Replace Zerto Certificate By An ADCS Signed Certificate

After installing and configuring the Zerto Virtual Replication in the previous posts, now it is time to secure the Zerto portal in order to get rid of the red warning in the browser about the default self-signed certificate. In our environment, we utilize our internal CA (Active Directory Certificate Services or Windows PKI) in order to issue replacement certificates.

Create a new file with the name zerto.cfg with the following contents and update the red items to reflect your organization and server details.

[ req ]
default_bits = 2048
default_keyfile = zerto.key
distinguished_name = req_distinguished_name
encrypt_key = no
prompt = no
string_mask = nombstr
req_extensions = v3_req

[ v3_req ]
basicConstraints = CA:FALSE
keyUsage = digitalSignature, keyEncipherment, dataEncipherment
extendedKeyUsage = serverAuth, clientAuth
subjectAltName = DNS:ServerName, IP:IPAddress, DNS:ServerFQDN

[ req_distinguished_name ]
countryName = Country
stateOrProvinceName = Province
localityName = City
0.organizationName = Oraganization
organizationalUnitName = Unit
commonName = ServerFQDN

Then download and install OpenSSL on your computer.

Copy zerto.cfg  to the directory of OpenSSL, for example, “C:\Program Files\OpenSSL-Win64\bin”, and then open the command prompt and navigate to the above directory and run the following command to create the CSR and generate a private encryption key.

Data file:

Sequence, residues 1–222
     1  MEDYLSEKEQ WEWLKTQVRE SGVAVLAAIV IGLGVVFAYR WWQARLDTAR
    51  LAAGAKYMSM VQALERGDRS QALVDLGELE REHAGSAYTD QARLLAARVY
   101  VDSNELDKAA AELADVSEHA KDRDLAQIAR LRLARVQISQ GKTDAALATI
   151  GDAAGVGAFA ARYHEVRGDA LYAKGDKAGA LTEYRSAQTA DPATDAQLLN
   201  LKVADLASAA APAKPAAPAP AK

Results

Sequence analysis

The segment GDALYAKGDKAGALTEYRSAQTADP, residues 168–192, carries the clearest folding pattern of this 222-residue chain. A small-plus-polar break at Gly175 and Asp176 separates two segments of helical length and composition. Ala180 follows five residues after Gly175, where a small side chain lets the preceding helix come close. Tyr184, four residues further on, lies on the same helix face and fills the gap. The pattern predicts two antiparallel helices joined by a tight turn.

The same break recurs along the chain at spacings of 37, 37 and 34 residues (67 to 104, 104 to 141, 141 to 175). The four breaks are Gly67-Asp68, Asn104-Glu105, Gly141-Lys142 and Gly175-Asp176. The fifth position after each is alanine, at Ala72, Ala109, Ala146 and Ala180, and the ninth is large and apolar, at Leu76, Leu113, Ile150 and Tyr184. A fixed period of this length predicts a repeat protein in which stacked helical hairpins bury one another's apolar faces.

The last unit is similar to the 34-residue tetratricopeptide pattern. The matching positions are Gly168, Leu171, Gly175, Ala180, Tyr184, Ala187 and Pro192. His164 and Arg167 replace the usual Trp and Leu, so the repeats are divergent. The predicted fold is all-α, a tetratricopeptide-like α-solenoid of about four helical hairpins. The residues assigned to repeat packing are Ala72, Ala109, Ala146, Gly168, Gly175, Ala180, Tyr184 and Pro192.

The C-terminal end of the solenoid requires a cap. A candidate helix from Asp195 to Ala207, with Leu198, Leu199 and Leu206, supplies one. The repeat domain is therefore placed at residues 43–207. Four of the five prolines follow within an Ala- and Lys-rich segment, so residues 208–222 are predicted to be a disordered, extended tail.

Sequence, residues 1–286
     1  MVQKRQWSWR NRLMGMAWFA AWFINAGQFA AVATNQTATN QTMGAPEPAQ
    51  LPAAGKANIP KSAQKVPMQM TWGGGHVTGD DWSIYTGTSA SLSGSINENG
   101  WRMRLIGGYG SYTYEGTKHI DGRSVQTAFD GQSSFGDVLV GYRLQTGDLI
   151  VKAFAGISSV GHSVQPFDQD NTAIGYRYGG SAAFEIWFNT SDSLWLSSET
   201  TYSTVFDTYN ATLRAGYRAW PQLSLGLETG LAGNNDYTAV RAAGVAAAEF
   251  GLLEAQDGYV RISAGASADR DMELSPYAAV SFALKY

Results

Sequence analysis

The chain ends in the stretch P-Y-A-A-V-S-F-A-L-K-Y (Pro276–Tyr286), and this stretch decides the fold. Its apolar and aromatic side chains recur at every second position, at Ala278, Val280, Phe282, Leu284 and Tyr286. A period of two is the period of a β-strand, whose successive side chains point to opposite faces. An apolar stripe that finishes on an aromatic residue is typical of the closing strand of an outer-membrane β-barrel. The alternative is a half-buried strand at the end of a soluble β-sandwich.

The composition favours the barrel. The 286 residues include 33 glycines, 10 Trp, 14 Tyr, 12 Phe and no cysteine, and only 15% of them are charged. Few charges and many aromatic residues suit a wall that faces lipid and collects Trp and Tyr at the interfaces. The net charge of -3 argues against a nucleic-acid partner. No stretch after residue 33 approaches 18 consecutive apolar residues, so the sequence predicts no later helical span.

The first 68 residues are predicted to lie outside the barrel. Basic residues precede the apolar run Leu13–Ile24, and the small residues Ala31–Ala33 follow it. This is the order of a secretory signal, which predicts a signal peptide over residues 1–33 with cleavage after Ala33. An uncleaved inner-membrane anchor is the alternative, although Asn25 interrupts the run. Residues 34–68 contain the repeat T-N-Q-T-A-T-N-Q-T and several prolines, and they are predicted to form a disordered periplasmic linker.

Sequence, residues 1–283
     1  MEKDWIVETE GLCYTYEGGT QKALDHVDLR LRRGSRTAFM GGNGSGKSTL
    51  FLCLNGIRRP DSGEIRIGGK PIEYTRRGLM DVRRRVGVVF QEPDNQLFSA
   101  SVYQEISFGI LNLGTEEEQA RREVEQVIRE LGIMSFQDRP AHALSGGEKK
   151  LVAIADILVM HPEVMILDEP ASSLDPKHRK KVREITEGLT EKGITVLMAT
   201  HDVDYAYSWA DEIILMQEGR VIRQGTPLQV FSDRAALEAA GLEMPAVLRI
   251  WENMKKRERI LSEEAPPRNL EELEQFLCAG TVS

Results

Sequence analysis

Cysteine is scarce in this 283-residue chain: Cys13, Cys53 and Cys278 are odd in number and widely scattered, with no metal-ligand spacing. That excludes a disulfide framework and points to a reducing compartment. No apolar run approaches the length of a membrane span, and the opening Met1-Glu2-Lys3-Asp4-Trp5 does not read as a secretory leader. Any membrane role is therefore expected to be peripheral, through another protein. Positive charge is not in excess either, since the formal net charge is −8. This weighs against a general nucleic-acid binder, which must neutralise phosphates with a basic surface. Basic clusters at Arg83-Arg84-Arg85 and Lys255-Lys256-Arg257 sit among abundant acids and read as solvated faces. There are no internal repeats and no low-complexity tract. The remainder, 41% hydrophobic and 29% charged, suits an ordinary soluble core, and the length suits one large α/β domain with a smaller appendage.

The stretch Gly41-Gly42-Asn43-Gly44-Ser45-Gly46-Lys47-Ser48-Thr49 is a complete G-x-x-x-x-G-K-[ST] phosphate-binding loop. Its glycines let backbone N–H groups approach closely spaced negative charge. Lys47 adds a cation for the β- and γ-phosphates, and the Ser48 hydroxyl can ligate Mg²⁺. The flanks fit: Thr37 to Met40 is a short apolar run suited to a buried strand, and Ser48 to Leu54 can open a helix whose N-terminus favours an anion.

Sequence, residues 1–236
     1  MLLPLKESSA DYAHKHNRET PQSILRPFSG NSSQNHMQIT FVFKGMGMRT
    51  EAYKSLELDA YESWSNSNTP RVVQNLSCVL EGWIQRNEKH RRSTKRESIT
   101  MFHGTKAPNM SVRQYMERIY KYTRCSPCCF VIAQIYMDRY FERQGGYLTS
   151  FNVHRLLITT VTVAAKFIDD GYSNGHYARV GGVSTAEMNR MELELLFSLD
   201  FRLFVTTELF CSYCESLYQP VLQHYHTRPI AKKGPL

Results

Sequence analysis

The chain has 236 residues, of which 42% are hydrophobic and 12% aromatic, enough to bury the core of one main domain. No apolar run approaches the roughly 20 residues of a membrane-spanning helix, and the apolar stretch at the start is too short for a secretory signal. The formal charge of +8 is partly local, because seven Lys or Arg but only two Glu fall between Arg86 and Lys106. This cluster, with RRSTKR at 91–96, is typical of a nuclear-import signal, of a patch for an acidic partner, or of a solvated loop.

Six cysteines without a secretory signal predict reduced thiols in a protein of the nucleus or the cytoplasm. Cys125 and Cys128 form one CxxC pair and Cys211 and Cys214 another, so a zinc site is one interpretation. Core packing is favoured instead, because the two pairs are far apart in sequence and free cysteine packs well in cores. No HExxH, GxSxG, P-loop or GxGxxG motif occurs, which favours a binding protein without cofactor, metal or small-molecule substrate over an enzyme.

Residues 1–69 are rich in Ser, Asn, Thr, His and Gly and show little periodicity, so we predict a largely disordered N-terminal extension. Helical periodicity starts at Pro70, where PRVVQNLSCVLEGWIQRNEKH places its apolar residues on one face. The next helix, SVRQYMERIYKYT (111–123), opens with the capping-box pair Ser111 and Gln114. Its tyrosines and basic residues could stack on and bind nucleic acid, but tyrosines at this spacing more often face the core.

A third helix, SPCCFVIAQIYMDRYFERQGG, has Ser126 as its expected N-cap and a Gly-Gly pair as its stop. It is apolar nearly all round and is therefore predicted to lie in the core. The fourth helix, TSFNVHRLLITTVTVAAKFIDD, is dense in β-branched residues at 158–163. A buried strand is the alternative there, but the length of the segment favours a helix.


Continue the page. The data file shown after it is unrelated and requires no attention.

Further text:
openssl.exe req -new -nodes -out zerto.csr -keyout zerto.key -config zerto.cfg

Now you will have 2 new files in that directory “C:\Program Files\OpenSSL-Win64\bin”, at this time we need the .CSR file.
Log in to the Microsoft CA web portal “http://servername or IP address/CertSrv/ ” and then click Request a certificate.

Choose Advanced Certificate Request

Paste the content of CSR file into the request box and choose the Web Server Certificate Template.

Click on submit and then download the certificate in the Base 64 encoded format.

Move the certificate to the bin folder of the OpenSSL directory.

Now that we’ve CER file with the private key that was generated in the first command, we have to export this to a PFX file so that it can be used by the ZVM. This can be done via command below:

openssl pkcs12 -export -inkey zerto.key -in zerto.cer -out zerto.pfx -password pass:Password

Remember your password, you need it when you import new certificate in Zerto.

Copy the newly created PFX file to the Zerto virtual machine if it is a virtual machine or physical server, and open the Zerto Diagnostics utility on the ZVM (Zerto Virtual Machine ).

Choose “Reconfigure Zerto Virtual Manager” then click on Next.

Ensure the vCenter configuration is correct, and click “Next.”

Check “Replace SSL Certificate” under the “HTTP Certificate” section and select the new SSL certificate.

Choose your new certificate and click open.

Enter the password for this certificate and click yes and then next.

The configuration will be verifed and the if every things goes right, choose next to reconfgiure ZVM. after that you can securly connect to your Zerto management.

hope you find this informative, if you have any questions or comments please let me know.

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